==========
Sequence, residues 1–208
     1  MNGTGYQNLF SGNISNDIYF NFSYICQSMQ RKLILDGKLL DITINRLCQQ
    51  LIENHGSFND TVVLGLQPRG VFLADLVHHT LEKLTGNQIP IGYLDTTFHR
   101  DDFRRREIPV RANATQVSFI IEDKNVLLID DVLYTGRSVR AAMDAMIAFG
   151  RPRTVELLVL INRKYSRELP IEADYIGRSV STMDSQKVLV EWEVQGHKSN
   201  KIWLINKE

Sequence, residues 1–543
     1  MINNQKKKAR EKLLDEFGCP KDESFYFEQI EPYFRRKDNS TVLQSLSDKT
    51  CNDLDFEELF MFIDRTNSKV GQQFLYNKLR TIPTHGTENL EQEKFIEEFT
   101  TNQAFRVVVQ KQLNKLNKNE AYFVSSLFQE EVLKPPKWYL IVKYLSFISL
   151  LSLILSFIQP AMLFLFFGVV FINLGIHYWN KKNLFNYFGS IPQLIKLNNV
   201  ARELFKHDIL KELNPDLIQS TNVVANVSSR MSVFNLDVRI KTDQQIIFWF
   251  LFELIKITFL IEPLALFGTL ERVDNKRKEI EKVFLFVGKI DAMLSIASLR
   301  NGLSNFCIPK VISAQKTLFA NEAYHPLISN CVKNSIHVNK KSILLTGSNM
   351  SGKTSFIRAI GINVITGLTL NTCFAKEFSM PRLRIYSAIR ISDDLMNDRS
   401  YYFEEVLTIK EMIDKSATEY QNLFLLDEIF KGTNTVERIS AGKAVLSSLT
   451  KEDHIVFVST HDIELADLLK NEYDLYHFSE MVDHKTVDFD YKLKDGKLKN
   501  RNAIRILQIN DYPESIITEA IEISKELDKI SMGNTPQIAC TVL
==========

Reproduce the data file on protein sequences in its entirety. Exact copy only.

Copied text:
Sequence, residues 1–208
     1  MNGTGYQNLF SGNISNDIYF NFSYICQSMQ RKLILDGKLL DITINRLCQQ
    51  LIENHGSFND TVVLGLQPRG VFLADLVHHT LEKLTGNQIP IGYLDTTFHR
   101  DDFRRREIPV RANATQVSFI IEDKNVLLID DVLYTGRSVR AAMDAMIAFG
   151  RPRTVELLVL INRKYSRELP IEADYIGRSV STMDSQKVLV EWEVQGHKSN
   201  KIWLINKE

Sequence, residues 1–543
     1  MINNQKKKAR EKLLDEFGCP KDESFYFEQI EPYFRRKDNS TVLQSLSDKT
    51  CNDLDFEELF MFIDRTNSKV GQQFLYNKLR TIPTHGTENL EQEKFIEEFT
   101  TNQAFRVVVQ KQLNKLNKNE AYFVSSLFQE EVLKPPKWYL IVKYLSFISL
   151  LSLILSFIQP AMLFLFFGVV FINLGIHYWN KKNLFNYFGS IPQLIKLNNV
   201  ARELFKHDIL KELNPDLIQS TNVVANVSSR MSVFNLDVRI KTDQQIIFWF
   251  LFELIKITFL IEPLALFGTL ERVDNKRKEI EKVFLFVGKI DAMLSIASLR
   301  NGLSNFCIPK VISAQKTLFA NEAYHPLISN CVKNSIHVNK KSILLTGSNM
   351  SGKTSFIRAI GINVITGLTL NTCFAKEFSM PRLRIYSAIR ISDDLMNDRS
   401  YYFEEVLTIK EMIDKSATEY QNLFLLDEIF KGTNTVERIS AGKAVLSSLT
   451  KEDHIVFVST HDIELADLLK NEYDLYHFSE MVDHKTVDFD YKLKDGKLKN
   501  RNAIRILQIN DYPESIITEA IEISKELDKI SMGNTPQIAC TVL